Definition of conditioned response in English:

conditioned response

(also conditioned reflex)

Pronunciation /kənˈdiSHnd rəˈspäns/ /kənˈdɪʃnd rəˈspɑns/ /rēˈspäns/ /riˈspɑns/


  • An automatic response established by training to an ordinarily neutral stimulus.

    ‘Furthermore, research also needs to establish if the conditioned responses can be successfully extinguished and, if so, the most effective way of achieving this goal.’
    • ‘Furthermore, the study also found limited support for the notion that physiological and cognitive responses to nicotine might also have the capacity to become conditioned responses.’
    • ‘If a person is feeling euphoric and at long last can envision themselves as depression free in the future, any setback will cause a flight back to the conditioned response of suicidal ideation.’
    • ‘For example, an animal might be exposed to more stimuli if it actively explored when the conditioned response was prevented and explored less when it was not.’
    • ‘According to a Chinese Psychological Society report, Pavlov's theory of conditioned reflexes dominated in this period.’
    • ‘Consistent with our argument, it is exposure to the stimuli that are associated with conditioning and not the emission of the conditioned response that produces extinction.’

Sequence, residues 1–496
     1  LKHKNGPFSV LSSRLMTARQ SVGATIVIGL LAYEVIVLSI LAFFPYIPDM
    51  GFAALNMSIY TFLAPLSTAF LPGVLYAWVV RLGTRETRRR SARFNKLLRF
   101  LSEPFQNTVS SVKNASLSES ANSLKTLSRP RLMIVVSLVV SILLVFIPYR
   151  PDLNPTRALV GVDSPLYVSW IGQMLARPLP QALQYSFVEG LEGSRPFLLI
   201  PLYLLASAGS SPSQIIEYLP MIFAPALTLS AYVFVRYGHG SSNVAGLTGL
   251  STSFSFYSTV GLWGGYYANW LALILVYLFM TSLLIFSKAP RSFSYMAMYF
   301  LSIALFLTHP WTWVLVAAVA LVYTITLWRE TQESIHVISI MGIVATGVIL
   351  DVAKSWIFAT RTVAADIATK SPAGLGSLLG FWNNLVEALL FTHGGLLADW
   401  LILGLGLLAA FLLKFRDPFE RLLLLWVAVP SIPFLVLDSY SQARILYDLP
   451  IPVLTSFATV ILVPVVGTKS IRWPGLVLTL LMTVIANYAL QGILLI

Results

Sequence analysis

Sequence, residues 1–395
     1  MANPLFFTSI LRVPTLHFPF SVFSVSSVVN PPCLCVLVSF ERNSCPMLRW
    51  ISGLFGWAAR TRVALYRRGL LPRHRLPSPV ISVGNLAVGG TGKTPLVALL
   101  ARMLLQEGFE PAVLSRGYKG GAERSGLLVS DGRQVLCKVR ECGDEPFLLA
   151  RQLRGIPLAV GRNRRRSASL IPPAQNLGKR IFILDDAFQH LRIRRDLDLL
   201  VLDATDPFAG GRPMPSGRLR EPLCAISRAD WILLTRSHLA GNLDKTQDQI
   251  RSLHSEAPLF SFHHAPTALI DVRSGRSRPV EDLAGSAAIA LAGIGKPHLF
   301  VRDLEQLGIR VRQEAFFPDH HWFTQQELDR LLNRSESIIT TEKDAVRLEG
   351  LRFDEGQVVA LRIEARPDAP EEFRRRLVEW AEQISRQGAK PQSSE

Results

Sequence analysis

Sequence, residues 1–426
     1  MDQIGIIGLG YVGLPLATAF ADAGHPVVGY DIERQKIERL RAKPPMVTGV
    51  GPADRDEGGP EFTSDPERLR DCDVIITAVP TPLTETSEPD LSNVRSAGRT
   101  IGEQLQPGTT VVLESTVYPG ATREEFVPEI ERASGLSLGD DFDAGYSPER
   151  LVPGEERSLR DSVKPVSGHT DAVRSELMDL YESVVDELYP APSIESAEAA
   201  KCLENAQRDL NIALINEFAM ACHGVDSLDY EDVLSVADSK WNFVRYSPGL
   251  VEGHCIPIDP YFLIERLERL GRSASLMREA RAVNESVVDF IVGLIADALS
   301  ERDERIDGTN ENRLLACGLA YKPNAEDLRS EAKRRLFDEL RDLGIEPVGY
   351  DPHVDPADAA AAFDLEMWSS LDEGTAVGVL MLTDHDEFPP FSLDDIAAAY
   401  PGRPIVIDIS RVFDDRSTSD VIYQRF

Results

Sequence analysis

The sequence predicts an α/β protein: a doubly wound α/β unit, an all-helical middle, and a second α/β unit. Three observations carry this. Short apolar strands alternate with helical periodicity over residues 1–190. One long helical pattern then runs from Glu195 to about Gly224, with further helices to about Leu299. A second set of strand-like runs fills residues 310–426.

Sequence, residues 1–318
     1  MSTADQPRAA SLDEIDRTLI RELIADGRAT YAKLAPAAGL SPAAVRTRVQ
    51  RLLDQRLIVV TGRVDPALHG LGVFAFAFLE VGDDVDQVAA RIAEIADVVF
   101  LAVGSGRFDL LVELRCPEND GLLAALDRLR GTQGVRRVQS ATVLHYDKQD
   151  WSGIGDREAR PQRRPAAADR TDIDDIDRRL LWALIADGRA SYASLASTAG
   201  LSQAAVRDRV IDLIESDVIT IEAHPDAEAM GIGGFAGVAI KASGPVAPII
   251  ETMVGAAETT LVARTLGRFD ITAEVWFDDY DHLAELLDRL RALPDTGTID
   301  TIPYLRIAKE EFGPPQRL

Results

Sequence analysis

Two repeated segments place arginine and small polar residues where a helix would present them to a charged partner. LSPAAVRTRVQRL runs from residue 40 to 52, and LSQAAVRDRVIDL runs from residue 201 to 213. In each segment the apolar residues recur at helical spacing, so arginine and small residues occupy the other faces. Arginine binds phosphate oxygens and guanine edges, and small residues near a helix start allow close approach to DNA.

• ‘The stress relief through picking became a ritual or habit, a conditioned reflex in response to stress.’
    • ‘It only prevented learning of the conditioned response.’
    • ‘The effects of nicotine are important when examining smoking from a behavioural perspective, as these effects have the potential to lead to conditioned responses.’
    • ‘What comes next is the hard work of breaking the pattern of aggression, learning new conditioned responses to one's deepest values.’
    • ‘It was expected that the novel environment would come to elicit compensatory conditioned responses in the smoking group but not in the mock smoking group.’
    • ‘O'Brien and colleagues have concentrated on conditioned responses.’
    • ‘I felt there must be more to myself and to the universe of behavior than conditioned responses.’
    • ‘The principle that underlies these models is that promotions act as a stimulus which gives rise to a conditioned response.’
    • ‘We forget that the feelings and emotions we have are all conditioned responses, arising out of the particular conditions of our lives.’
    • ‘So chances are, your judgements are not your own but natural or conditioned responses.’
    • ‘Then the phone rang and my conditioned response brought me back to ‘reality’ and I felt a lot better.’
    • ‘Whereas some of my desires are just appetites or conditioned responses I find myself stuck with, others are expressions of judgments on my part that the objects I desire are good.’
    • ‘People with Alzheimer's disease tend not show the same degree of conditioned responses to fear as healthy people, putting them at greater risk of injury than others.’
    • ‘Who knows, maybe the conditioned responses never entirely go away.’